I think he perceives this in part because worship is warfare and in part because worship takes place in the heavens, in the future.

We should not be surprised that the wicked seem to outnumber and overwhelm the righteous. God is not limited by numbers. Micaiah was one prophet against four hundred (2 Chronicles 18). Solomon found one man among a thousand (Ecclesiastes 7). If God’s church is faithful, then five shall chase a hundred, a hundred put ten thousand to flight (Leviticus 26), and one shall chase a thousand (Joshua 23).

This was outstanding:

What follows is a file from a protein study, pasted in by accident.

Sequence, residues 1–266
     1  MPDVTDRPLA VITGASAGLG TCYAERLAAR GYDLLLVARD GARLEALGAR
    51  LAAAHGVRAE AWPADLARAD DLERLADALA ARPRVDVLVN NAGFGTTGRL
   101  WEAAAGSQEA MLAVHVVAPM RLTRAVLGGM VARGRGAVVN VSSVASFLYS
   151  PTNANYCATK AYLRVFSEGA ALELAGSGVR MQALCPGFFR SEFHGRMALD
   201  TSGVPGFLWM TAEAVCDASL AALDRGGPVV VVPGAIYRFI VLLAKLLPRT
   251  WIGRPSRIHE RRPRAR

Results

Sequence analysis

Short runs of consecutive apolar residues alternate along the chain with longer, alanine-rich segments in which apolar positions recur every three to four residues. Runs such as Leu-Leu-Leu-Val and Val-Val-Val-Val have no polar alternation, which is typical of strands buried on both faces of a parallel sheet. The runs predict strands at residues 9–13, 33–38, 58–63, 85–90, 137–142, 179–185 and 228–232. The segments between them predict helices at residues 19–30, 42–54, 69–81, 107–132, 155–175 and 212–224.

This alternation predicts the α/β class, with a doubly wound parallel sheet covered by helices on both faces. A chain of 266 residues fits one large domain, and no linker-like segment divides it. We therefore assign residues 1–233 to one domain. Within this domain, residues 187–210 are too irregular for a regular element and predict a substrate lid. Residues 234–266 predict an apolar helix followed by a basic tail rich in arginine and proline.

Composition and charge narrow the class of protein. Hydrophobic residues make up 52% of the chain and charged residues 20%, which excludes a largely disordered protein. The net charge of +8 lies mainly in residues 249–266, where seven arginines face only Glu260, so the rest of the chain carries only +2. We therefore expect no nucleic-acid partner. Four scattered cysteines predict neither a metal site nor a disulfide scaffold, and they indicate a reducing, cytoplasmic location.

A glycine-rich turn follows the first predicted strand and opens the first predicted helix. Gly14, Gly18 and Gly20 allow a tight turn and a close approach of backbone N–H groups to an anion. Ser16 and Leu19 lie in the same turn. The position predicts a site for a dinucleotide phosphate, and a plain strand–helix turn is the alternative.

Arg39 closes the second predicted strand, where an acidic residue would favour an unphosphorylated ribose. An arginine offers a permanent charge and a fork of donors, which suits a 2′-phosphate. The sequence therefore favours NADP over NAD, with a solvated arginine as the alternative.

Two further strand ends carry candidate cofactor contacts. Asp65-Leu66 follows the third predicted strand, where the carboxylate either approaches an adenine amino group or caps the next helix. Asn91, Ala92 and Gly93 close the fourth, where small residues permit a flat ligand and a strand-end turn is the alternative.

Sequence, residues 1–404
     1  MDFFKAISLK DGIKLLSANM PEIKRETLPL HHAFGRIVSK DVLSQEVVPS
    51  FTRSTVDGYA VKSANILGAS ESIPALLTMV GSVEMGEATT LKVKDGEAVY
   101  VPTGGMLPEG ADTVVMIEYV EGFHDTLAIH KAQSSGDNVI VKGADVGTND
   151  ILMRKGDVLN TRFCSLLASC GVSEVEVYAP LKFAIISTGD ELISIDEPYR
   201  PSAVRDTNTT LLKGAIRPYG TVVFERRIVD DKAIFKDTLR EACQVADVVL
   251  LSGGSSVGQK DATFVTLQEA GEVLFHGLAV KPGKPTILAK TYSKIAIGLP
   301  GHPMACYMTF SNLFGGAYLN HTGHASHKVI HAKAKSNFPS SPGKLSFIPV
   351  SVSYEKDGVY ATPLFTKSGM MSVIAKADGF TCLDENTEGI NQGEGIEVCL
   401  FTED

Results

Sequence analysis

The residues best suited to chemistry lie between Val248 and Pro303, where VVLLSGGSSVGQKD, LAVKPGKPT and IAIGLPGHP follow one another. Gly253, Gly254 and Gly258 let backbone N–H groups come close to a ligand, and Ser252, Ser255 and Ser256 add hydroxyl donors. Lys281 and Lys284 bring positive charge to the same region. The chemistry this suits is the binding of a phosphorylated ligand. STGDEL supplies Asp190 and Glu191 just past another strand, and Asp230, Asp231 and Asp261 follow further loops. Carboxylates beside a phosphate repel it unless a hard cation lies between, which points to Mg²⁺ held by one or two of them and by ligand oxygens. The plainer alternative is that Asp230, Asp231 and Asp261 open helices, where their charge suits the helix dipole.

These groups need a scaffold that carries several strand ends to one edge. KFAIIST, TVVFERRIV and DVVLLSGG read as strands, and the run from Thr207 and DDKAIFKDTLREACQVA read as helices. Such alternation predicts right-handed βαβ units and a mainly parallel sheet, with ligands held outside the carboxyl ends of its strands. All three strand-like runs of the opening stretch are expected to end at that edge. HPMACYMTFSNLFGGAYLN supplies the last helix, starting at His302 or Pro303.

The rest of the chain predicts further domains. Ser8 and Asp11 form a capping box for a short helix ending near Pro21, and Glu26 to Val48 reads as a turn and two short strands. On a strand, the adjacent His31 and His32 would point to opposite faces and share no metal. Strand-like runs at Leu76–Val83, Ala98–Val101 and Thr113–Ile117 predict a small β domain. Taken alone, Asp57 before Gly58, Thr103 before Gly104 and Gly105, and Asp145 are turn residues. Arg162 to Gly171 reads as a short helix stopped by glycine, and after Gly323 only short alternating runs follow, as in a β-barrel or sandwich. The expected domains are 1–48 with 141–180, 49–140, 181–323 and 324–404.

And this was touching and thought provoking. Pray for Peterson:

Charlotte and Asher have kept chickens for a few years, and we’ve been brainstorming how we can expand that. Asher settled on bee keeping and has been learning and strategizing for awhile. We took a class with our county bee keeping association this winter, and this week we set up our first two hives!

Written by Scott Moonen

March 6, 2021 at 6:50 am